Alternanthera philoxeroides, commonly known as Alligator weed, is an immersed aquatic plant. It originated in South America, but has spread to many parts of the world and is considered an invasive species in Australia, China, New Zealand, Thailand and the United States.
Alligator weed can grow in a variety of habitats, including dry land, but is usually found in water. It may form large interwoven mats over the water or along shorelines. Alligator weed stems are long, branched, and hollow. Leaves are simple, elliptic, and have smooth margins. Alligator weed flowers during the warm months of the year and has whitish, papery ball-shaped flowers that grow on stalks.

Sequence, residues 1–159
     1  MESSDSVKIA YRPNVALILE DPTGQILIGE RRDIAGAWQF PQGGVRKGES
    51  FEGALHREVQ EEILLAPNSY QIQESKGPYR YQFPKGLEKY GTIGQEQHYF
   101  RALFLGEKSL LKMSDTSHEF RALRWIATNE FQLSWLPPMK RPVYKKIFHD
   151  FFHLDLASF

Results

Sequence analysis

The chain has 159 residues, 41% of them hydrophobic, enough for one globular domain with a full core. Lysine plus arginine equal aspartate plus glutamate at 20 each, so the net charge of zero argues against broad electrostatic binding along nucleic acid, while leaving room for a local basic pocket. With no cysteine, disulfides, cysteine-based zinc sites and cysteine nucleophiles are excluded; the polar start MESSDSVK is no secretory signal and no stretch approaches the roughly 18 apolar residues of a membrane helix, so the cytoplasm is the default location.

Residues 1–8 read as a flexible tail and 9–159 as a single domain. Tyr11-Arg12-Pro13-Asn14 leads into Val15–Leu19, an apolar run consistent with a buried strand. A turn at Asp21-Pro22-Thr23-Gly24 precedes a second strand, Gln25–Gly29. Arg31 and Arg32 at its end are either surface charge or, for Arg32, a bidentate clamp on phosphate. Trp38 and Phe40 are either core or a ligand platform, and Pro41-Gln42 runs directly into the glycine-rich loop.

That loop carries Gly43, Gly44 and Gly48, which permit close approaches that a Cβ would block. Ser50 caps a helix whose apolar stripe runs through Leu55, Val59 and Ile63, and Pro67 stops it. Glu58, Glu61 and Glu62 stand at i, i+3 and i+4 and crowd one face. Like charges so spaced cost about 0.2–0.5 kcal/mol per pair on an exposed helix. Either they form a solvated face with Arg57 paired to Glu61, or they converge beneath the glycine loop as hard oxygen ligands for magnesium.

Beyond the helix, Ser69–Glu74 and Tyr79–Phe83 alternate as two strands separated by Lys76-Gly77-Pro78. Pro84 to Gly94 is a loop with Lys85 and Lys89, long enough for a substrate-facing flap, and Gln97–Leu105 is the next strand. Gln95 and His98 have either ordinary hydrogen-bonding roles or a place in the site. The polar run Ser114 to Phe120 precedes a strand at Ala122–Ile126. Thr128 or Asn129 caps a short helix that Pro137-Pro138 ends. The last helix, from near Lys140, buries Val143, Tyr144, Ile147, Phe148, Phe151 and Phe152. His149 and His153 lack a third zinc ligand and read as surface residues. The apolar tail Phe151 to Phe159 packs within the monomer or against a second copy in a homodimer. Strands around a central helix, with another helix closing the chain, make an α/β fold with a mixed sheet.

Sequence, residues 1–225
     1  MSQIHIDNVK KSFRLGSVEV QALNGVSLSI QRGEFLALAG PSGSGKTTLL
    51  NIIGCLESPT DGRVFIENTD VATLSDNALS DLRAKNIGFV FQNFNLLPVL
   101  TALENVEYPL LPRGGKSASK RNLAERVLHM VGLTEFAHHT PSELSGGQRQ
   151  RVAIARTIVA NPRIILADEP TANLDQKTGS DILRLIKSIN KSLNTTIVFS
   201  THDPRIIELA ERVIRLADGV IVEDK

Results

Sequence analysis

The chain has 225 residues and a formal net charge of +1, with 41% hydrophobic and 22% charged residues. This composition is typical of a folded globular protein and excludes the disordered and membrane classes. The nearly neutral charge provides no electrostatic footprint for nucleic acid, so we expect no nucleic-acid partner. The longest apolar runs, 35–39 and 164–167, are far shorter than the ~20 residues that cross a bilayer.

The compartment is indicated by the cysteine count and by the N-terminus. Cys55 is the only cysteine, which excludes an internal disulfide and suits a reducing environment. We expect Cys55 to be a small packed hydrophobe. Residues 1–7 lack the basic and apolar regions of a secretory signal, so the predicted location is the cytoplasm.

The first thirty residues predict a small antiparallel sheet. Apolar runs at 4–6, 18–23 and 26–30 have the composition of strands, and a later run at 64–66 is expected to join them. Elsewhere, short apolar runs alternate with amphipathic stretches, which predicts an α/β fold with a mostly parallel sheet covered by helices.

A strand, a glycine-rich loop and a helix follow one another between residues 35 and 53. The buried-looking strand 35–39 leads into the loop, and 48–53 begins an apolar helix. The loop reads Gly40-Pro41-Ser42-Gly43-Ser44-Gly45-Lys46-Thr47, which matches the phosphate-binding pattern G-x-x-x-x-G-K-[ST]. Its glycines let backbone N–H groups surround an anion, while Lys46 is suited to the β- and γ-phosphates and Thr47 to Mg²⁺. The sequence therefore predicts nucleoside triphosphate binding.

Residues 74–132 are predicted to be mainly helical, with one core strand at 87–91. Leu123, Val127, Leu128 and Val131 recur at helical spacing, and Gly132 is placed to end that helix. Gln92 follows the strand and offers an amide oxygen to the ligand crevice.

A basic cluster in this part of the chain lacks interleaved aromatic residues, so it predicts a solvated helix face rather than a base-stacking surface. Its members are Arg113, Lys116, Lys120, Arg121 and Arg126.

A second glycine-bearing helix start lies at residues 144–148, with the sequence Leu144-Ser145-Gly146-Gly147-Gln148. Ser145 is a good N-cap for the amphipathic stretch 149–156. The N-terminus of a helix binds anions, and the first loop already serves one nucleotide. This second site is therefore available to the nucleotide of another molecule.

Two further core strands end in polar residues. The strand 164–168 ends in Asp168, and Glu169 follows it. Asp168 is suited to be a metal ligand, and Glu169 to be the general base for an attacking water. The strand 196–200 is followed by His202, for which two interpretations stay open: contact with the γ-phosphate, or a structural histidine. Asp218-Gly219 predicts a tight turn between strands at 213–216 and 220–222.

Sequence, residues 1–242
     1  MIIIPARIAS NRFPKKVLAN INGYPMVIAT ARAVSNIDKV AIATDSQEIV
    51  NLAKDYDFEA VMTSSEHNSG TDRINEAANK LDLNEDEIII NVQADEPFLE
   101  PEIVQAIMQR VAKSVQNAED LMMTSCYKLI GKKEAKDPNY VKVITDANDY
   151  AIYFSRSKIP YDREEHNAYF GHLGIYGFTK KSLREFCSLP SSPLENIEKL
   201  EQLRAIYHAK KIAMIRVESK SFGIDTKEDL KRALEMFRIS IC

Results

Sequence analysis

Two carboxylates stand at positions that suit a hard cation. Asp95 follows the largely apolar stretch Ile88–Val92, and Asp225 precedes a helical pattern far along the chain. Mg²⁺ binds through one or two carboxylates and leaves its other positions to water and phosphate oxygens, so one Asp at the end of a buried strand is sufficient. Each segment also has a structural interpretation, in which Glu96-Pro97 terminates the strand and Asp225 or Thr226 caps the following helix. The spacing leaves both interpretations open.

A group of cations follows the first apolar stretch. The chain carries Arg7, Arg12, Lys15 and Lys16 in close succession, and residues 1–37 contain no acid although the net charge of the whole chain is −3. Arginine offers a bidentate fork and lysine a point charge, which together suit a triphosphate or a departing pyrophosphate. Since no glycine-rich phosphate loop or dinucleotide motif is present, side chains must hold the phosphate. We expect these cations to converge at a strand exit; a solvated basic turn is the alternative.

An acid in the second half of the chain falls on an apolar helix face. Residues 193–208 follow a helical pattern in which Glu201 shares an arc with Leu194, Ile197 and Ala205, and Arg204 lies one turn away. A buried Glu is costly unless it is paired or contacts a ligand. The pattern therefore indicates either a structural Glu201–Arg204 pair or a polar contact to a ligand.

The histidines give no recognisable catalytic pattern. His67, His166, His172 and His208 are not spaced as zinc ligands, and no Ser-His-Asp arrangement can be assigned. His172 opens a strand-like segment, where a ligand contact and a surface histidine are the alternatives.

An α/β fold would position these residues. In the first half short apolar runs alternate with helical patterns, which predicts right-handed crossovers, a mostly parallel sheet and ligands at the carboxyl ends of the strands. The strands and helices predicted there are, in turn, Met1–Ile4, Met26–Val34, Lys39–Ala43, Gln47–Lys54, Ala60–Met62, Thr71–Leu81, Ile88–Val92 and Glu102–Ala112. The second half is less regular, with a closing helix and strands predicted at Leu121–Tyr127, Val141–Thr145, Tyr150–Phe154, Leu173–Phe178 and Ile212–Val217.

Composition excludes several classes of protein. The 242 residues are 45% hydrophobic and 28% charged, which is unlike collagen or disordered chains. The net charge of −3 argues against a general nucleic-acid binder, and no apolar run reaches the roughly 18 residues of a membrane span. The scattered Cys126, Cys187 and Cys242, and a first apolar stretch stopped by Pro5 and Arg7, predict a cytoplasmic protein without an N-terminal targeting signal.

When alligator weed invades waterways it can reduce water flow and quality by preventing light penetration and oxygenation of the water. It can also reduce water bird and fish activity and cause the death of fish and native plants. Alligator weed mats create a favorable habitat for breeding mosquitoes. Alligator weed is also difficult to control.
Insects have been released for the biological control of alligator weed. The most successful and widely used is Agasicles hygrophila commonly called the alligator weed flea beetle; it has been released for biocontrol in Australia, China, Thailand, New Zealand and the United States. Amynothrips andersoni, the alligator weed thrips, and Vogtia malloi, the alligator weed stem borer, have also been released in the United States.